Reverence for Life – Angeline Castillox

Reverence for Life – Angeline Castilloux
Algoma University BFA Thesis Exhibition
April 9th – 12th, 2020
Opening reception: Online

“Those who dwell among the beauties and mysteries of the earth are never alone or weary
of life”.
Rachel Carson

“Ethics is nothing other than Reverence for Life. Reverence for Life affords me my fundamental principle of morality, namely, that good consists in maintaining, assisting and enhancing life, and to destroy, to harm or to hinder life is evil.”
 Albert Schweitzer

My interest in insects began in childhood. I was especially awestruck by butterflies, and I remember watching in amazement as these beautiful, brightly coloured creatures fluttered about from flower to flower every summer.  Eventually, as I grew older, my appreciation for butterflies faded.  It was not until several years later, after I had my own children, and by seeing the world again from a child’s perspective that my enthusiasm re-emerged.

I found myself curious about the existence of insects in relation to the earth and how our industrialized world has affected them.  I began to discover more about their place in the biosphere and more significantly, their importance.  I realized that they are often misunderstood, and are typically thought of as nuisances and pests to eliminate. Yet in reality, they play a crucial role in our environment.  Their existence is critical, and without them ecosystems would collapse.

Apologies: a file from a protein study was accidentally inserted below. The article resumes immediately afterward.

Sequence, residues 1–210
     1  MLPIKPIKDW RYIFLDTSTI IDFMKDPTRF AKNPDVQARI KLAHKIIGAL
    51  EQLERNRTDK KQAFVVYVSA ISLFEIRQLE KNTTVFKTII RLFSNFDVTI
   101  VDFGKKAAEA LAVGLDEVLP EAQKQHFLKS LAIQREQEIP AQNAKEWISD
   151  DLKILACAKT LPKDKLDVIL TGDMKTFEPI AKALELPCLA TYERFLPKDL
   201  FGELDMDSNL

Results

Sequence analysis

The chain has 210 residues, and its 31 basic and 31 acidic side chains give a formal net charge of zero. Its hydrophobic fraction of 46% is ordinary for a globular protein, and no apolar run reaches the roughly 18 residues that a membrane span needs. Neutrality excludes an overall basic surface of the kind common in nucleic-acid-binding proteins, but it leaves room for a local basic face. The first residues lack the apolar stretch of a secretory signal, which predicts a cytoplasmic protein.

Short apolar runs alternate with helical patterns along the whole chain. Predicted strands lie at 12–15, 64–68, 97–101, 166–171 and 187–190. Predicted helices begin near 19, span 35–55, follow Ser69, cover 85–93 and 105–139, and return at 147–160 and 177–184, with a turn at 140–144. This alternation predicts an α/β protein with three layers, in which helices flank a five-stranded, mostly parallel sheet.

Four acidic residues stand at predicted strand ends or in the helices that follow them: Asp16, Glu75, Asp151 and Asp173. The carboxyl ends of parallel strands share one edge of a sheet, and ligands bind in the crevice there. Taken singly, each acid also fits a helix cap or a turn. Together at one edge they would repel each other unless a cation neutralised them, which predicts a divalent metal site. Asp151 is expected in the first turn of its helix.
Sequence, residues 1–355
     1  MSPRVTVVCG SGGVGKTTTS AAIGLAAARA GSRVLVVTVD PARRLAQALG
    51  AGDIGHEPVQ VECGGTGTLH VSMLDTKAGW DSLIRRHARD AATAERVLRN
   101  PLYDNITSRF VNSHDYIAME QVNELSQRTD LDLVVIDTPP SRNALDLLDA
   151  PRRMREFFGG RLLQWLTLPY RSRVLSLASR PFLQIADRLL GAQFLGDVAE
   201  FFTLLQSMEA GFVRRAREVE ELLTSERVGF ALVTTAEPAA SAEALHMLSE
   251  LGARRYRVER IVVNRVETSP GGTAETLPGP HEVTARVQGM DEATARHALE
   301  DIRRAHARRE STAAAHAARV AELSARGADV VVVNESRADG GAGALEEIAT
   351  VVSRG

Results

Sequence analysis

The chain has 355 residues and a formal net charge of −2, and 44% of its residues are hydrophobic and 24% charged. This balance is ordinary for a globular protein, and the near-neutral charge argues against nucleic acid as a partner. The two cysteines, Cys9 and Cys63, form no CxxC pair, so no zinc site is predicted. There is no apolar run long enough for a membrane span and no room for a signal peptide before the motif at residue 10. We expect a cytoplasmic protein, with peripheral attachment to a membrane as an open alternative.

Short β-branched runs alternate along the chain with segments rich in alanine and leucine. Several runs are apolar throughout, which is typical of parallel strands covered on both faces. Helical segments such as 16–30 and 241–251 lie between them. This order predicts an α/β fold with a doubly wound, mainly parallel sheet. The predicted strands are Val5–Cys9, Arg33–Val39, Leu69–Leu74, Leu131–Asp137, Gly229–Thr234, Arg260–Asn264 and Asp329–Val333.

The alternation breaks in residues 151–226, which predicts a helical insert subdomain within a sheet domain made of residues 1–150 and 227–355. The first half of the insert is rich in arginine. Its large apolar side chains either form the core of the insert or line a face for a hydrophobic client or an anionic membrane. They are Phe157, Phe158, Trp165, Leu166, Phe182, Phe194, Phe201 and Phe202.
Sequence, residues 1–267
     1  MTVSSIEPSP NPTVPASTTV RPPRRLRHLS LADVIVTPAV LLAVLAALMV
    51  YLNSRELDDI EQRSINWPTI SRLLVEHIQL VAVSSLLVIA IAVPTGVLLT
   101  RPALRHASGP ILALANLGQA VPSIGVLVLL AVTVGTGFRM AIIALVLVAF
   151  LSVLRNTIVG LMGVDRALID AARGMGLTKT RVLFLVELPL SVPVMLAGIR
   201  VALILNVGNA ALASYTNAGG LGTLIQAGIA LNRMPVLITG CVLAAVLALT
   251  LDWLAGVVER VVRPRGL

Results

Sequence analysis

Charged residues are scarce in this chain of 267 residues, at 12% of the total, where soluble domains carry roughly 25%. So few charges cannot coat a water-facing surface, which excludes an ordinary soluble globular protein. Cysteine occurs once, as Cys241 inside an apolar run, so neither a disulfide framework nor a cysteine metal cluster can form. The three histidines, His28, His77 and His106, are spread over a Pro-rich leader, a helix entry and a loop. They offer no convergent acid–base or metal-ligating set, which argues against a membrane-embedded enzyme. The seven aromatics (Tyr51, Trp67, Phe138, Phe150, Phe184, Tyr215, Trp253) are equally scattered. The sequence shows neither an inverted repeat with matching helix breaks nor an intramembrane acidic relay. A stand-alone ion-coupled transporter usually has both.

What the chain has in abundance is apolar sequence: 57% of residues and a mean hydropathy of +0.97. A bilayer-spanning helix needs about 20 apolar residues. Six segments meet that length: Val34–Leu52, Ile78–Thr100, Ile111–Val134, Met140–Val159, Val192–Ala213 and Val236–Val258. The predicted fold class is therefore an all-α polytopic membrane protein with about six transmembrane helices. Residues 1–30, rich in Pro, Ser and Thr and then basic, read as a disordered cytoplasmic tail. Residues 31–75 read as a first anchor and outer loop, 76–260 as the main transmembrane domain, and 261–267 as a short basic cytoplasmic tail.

I was also influenced by the book “Silent Spring”, by Rachel Carson.  The devastating effects of the indiscriminate use of pesticides such as DDT on beneficial insects, plants, birds and larger animals (including humans) were documented and presented by Carson in such an effective way that the book was a catalyst for change and eventually many countries banned them.  Although this measure has had favorable results, loss of habitat and other methods of pest control have caused significant declines in the populations of these same organisms.  The continuation of these practices could have devastating and far reaching consequences.

I decided to explore the theme of insects and our relationship with them through a series of still life paintings, drawings, pinhole photographs and copper etchings.  Most cultures have used insects in much of the artwork they produced.  Historically, they were often included in still life rich with symbolism.  For example, butterflies were often used to represent salvation, death, and rebirth, while dragonflies frequently were symbols of both rebirth or evil.   

I have chosen to incorporate insects into my work more directly in terms of how we relate to them in our modern world, how they depend on the same food sources as we do, how they often provide for us the food we need to survive, and how our actions not only affect them, but ultimately our own species as well.  The pieces also explore our reactions to different insects.  Why do some elicit feelings of disgust or fear in us while others are tolerated and even loved?  Also, when we see the less than desirable behaviour of, for example a butterfly, does it change our perception of it?  Finally, can we control insects that cause us great harm without also eliminating those we depend on?